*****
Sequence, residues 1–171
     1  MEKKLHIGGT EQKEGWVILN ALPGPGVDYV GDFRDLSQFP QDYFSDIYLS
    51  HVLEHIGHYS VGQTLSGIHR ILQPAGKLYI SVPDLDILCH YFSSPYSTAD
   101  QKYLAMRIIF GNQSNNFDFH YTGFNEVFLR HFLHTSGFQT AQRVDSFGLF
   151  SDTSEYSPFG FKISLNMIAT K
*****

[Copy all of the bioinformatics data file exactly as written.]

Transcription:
Sequence, residues 1–171
     1  MEKKLHIGGT EQKEGWVILN ALPGPGVDYV GDFRDLSQFP QDYFSDIYLS
    51  HVLEHIGHYS VGQTLSGIHR ILQPAGKLYI SVPDLDILCH YFSSPYSTAD
   101  QKYLAMRIIF GNQSNNFDFH YTGFNEVFLR HFLHTSGFQT AQRVDSFGLF
   151  SDTSEYSPFG FKISLNMIAT K